In Response To Protests, Kentucky Lt. Gov. Proposes Implicit Bias Training For Teachers
Protests across the state and the country against police brutality and structural racism have the attention of Kentucky education officials, including Ky. Lt Gov. Jacqueline Coleman. At Wednesday’s Kentucky Board of Education meeting, Coleman put forward several proposals, including statewide implicit bias training for teachers.
“I feel public education was made to meet the moment,” Coleman said, who is also the secretary of the Education and Workforce Development Cabinet.
“My first proposal is for the Department of Education to partner with schools across Kentucky to develop and implement a very needed implicit bias training for faculties across the across our communities,” she said.
Coleman noted that some districts, like Jefferson County Public Schools, have already created similar training for staff. But she said those professional development opportunities should be available in every school and district.
Coleman, who is white, also called for the department to ramp up efforts to recruit more minority teachers. State data shows that Black students make up 10.6% of Kentucky’s student population, but Black teachers make up just 3.3% of the workforce.
“We need to make sure that we develop a workforce in Kentucky and public education that reflects our student population and allows children like mine to look up to leaders in their lives that don’t look like them, as much as we give an opportunity to our minority students to see in themselves, leaders that shape their lives every single day,” Coleman said.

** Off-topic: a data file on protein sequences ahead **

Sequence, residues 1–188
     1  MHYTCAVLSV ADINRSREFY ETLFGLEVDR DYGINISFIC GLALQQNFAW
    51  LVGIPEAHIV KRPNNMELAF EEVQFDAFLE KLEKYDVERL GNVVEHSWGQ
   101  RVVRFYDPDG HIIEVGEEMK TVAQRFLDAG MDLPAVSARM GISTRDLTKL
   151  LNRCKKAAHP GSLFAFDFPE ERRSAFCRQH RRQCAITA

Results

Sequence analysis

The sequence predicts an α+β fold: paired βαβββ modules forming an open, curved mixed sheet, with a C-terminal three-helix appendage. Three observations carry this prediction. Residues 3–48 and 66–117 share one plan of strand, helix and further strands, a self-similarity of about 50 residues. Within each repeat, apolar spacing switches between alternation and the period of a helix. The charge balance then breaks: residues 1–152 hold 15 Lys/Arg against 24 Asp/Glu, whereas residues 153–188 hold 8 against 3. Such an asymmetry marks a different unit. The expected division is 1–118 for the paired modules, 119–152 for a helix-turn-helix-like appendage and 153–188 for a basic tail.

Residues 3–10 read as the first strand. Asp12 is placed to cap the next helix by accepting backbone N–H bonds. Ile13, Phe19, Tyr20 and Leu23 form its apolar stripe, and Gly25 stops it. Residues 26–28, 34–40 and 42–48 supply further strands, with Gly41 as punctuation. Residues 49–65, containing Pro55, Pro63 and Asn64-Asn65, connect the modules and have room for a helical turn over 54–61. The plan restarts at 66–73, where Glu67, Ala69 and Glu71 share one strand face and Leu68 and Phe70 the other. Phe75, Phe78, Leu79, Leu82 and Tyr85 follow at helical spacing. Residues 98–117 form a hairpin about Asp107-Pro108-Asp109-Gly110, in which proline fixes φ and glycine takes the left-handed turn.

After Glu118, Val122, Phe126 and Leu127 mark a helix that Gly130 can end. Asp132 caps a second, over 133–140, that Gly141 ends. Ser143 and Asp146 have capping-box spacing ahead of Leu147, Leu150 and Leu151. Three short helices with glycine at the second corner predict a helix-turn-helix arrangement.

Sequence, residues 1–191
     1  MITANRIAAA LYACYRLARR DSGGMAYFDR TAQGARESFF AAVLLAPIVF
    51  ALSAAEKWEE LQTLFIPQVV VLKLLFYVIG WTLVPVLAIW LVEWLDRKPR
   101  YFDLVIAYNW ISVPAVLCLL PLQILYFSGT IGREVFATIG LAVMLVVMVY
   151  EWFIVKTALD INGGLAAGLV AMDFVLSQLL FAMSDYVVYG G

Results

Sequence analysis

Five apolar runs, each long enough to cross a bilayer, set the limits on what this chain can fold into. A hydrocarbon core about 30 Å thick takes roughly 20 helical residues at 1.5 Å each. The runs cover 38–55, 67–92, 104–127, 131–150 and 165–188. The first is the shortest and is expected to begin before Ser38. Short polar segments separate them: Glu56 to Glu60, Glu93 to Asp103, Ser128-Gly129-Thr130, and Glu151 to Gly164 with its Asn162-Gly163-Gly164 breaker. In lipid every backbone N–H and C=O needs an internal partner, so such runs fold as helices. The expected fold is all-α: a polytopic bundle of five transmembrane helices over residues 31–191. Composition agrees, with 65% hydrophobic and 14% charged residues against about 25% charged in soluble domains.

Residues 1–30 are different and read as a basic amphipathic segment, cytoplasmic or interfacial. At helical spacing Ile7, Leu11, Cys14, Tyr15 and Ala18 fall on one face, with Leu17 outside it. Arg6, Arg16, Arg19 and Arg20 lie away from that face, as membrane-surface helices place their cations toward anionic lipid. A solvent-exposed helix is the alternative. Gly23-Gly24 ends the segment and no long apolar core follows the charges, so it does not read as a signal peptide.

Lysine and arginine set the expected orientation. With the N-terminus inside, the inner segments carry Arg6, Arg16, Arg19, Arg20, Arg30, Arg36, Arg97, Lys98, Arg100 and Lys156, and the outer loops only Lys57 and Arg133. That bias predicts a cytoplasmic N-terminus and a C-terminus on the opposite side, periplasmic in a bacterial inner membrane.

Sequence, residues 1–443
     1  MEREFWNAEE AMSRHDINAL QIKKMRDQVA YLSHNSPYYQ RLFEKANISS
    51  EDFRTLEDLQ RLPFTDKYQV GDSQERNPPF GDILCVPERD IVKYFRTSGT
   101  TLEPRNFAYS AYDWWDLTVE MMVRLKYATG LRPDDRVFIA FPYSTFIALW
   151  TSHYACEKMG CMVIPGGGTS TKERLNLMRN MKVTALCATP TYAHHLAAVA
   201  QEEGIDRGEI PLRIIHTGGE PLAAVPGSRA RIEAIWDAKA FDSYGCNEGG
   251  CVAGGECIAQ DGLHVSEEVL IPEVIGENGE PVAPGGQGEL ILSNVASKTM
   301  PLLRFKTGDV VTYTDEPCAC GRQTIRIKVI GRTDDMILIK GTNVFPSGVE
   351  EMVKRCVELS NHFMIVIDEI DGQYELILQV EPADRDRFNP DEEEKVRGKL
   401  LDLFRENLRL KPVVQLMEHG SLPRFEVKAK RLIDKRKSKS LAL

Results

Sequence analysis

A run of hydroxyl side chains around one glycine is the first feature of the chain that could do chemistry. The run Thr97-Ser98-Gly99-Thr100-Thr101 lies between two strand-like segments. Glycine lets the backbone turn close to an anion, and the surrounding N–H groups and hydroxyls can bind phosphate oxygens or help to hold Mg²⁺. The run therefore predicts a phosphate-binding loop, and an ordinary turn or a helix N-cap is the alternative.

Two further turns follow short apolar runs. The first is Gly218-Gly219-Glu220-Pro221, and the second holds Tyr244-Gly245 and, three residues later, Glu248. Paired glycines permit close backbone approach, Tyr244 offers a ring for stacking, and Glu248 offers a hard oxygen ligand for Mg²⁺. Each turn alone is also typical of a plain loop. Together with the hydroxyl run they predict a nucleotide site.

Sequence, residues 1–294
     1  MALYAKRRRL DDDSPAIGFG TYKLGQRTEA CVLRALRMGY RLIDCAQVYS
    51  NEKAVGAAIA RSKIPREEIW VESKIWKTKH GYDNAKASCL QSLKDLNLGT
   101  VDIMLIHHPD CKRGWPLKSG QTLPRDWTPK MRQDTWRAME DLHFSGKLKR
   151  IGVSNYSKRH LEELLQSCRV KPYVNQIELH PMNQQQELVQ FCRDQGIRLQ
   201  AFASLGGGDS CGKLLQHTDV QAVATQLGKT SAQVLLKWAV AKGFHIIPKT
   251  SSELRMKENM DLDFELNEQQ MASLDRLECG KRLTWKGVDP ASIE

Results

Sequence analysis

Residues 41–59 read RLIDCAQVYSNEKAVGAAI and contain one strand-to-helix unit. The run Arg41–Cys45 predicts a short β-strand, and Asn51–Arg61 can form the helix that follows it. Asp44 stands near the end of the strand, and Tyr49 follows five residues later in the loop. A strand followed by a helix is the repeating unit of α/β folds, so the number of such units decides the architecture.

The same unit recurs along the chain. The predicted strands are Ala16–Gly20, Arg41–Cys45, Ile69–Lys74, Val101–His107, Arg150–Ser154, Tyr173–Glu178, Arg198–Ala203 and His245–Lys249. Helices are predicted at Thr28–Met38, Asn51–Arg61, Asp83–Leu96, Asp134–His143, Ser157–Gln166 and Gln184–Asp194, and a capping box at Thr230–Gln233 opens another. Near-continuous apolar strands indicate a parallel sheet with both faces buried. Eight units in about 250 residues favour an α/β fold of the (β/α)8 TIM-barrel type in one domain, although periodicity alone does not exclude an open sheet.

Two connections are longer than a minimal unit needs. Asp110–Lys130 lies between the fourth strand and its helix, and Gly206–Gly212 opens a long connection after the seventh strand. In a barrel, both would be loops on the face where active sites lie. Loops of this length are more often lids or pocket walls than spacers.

Coleman said she’s going to work to find funding for the Kentucky Academy of Equity in Teaching, a program that recruits teachers of color, and that went unfunded in the latest budget. She also proposed working with the state’s historically Black colleges and universities.
Additionally, she proposed adding a nonvoting student member to the state board of education.
Kentucky Board of Education members welcomed Coleman’s proposals.
“It’s action that is needed,” board chair Sharon Porter Robinson responded. “And your proposals, all three of them, I think address the problems we have been staring in the face almost forever.”
Interim Education Commissioner Kevin Brown also welcomed the proposals, and announced that the department is issuing new guidance Wednesday on talking about race-based stress and trauma in schools.
“As educators we must stand in solidarity against any and all acts of racism, disrespect and inequitable treatment of persons of color,” Brown said. “We must commit to listen to those seeking to be heard and ensure that our young people of color are valued and safe in school and in the community.”